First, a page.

Volume 28, 2012
Freedom, Religion, and Gender
A Philosophical Investigation
Interrogating Practices and Beliefs about Disability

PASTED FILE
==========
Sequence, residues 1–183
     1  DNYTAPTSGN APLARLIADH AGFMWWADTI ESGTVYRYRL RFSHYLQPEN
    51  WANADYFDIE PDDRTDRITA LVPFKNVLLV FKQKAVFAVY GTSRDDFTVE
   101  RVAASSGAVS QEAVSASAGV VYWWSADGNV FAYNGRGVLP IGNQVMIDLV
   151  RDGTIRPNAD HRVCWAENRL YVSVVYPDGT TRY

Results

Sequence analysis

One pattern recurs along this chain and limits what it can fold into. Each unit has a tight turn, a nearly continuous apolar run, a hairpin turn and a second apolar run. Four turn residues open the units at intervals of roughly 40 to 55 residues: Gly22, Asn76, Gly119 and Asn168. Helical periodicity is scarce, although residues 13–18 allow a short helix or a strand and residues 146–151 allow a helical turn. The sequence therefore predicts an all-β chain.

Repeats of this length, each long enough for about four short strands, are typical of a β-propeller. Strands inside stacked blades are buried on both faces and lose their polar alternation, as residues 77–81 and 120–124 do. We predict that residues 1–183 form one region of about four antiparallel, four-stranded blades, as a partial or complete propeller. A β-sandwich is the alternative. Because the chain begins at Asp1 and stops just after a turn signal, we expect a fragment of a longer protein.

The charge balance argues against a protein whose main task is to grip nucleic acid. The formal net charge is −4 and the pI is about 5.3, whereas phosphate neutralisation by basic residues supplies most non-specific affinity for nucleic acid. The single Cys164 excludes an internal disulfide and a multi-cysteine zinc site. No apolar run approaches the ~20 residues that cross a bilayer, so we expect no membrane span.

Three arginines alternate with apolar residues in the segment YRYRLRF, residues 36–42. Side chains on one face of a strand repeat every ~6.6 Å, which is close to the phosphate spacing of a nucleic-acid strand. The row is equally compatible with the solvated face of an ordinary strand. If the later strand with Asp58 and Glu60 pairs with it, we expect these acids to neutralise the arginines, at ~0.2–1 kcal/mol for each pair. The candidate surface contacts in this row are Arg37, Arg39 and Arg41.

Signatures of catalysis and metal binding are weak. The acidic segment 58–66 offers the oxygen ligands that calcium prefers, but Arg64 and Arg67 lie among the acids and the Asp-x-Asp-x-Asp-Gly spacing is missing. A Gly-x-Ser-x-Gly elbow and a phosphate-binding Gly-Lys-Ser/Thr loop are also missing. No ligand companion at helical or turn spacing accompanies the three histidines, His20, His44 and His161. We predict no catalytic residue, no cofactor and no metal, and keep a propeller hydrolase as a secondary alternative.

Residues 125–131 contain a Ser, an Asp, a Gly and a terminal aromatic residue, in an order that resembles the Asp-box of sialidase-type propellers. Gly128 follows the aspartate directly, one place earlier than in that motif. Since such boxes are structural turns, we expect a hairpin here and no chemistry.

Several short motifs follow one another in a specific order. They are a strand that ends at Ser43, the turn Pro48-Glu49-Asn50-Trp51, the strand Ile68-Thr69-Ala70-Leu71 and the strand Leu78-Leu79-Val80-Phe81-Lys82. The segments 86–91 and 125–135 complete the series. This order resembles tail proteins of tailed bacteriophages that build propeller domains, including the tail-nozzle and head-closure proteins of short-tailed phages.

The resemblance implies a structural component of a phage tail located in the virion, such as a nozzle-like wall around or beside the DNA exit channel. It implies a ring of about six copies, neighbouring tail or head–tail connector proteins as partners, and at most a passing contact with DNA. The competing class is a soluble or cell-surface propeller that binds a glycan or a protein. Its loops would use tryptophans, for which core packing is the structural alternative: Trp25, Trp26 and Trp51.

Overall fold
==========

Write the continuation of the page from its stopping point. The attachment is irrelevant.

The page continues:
Sometimes beliefs that are shared are treated as if they are knowledge in spite of a lack of evidence or even in the face of evidence to the contrary. Beliefs informed by prejudices and ignorance about people with disabilities are often treated as certain and reinforced by social practices. In this paper, I distinguish between knowledge claims and beliefs that are treated as if they are true. I use Wittgenstein’s account of the connection between epistemic and other social practices in On Certainty to consider how it is possible to change beliefs about disability. I draw on Naomi Scheman’s “Forms of life: Mapping the Rough Ground” to consider political applications of Wittgenstein’s thought. I use a Wittgensteinian framework to critique Peter Singer’s claims regarding the lives of disabilities in Practical Ethics. I draw attention to the ways in which unjustified beliefs about disability can inform and be reified through social practices. Likewise, changes in social practices can dislodge common ableist beliefs about disability.